Persistence of Insecticides on Tomato Foliage and Implications for Control of Tomato Fruitworm (Lepidoptera: Noctuidae)

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Insecticides used to control Helicoverpa zea (Boddie) on tomatoes are directed at eggs and small larvae before larvae feed on fruit. Experiments were conducted to determine the persistence of insecticides on tomato foliage and the rate of tomato plant growth, which together were used to interpret field efficacy studies of insecticides for control of H. zea in western North Carolina. The pyrethroid esfenvalerate exhibited the longest persistence of all insecticides studied; the half-life of esfenvalerate on foliage was estimated to be >10 d, whereas those of carbaryl, methomyl, and endosulfan varied from <2 to <8 d. Exposure of H. zea neonate larvae to field-treated esfenvalerate leaves resulted in >65% mortality 14 d after the first application and 91.5% mortality 14 d after the third successive application. Carbaryl and endosulfan resulted in high levelsof larval mortality for 4-8 d after application, but methomyl and Bacillus thuringiensis were toxic for very short periods «48 h) after application. Plant growth rates were highest from y2 wk after transplanting until shortly before harvest, indicating that residue loss due to plant growth dilution effects are greatest before harvest begins. Higher levels of H. zea-damaged fruit and potato aphid populations, Macrosiphum euphormae (Thomas), occurred when insecticide application intervals were increased from 5 to 10 to 14 d. However, the magnitude of damaged fruit increase was greater with increasing application intervals in 1989 than in 1988. These differences were attributed to more frequent rainfall in 1989.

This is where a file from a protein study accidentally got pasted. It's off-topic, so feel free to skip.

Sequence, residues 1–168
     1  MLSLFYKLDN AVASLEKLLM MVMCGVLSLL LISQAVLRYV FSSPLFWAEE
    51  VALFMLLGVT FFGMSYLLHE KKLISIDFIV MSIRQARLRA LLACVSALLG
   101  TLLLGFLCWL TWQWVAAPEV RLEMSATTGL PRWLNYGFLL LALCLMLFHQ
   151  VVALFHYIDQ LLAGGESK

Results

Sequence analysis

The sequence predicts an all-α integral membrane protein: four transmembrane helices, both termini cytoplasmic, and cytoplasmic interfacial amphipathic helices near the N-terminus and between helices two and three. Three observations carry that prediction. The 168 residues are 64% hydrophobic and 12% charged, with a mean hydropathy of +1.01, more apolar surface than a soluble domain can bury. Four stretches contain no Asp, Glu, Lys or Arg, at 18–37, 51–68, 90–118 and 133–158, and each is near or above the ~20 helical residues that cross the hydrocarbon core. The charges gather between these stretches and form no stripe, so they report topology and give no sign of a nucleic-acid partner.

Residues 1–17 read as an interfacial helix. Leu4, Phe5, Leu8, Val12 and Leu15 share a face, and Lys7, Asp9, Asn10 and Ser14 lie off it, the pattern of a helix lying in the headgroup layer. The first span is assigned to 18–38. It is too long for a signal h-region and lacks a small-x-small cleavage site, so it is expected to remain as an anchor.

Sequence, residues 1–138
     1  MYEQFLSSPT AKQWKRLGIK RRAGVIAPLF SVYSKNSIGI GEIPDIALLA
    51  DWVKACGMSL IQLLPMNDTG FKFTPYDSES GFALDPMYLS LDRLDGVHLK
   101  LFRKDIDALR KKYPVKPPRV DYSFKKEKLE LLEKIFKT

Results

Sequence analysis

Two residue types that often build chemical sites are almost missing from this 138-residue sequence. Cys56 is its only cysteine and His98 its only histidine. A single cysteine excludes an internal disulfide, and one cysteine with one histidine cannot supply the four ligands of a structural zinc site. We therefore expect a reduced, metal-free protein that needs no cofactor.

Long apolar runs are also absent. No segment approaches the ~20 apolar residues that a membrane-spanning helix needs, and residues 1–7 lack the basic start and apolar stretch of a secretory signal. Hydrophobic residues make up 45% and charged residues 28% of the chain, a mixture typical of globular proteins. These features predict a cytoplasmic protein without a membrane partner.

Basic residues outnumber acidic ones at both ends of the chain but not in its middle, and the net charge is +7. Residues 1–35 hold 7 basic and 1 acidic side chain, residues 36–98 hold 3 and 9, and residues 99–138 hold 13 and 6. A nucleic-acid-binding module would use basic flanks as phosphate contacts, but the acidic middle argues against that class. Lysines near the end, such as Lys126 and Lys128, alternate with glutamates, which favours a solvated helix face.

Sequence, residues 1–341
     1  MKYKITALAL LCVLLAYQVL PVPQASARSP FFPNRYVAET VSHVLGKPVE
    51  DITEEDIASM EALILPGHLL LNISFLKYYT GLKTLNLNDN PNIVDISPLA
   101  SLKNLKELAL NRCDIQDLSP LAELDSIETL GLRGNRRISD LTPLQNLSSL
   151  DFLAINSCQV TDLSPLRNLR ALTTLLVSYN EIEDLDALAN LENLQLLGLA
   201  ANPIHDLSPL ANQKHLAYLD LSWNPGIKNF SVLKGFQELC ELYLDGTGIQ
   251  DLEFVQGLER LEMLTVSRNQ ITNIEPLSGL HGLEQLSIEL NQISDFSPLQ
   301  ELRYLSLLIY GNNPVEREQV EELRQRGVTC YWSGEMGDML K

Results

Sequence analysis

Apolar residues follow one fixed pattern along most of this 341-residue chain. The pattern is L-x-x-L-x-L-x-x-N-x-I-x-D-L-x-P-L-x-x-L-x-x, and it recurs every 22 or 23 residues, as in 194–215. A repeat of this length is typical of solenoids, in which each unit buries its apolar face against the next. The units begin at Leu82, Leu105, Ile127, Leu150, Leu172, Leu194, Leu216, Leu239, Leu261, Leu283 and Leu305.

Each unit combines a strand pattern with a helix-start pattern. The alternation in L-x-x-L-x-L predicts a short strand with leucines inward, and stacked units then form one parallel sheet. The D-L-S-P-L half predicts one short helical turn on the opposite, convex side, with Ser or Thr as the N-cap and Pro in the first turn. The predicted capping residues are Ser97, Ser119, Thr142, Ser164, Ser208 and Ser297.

Document Type: Research Article

Publication date: June 1, 1991

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  • Journal of Economic Entomology is published bimonthly in February, April, June, August, October, and December. The journal publishes articles on the economic significance of insects and is divided into the following sections: apiculture & social insects; arthropods in relation to plant disease; forum; insecticide resistance and resistance management; ecotoxicology; biological and microbial control; ecology and behavior; sampling and biostatistics; household and structural insects; medical entomology; molecular entomology; veterinary entomology; forest entomology; horticultural entomology; field and forage crops, and small grains; stored-product; commodity treatment and quarantine entomology; and plant resistance. In addition to research papers, Journal of Economic Entomology publishes Letters to the Editor, interpretive articles in a Forum section, Short Communications, Rapid Communications, and Book Reviews.
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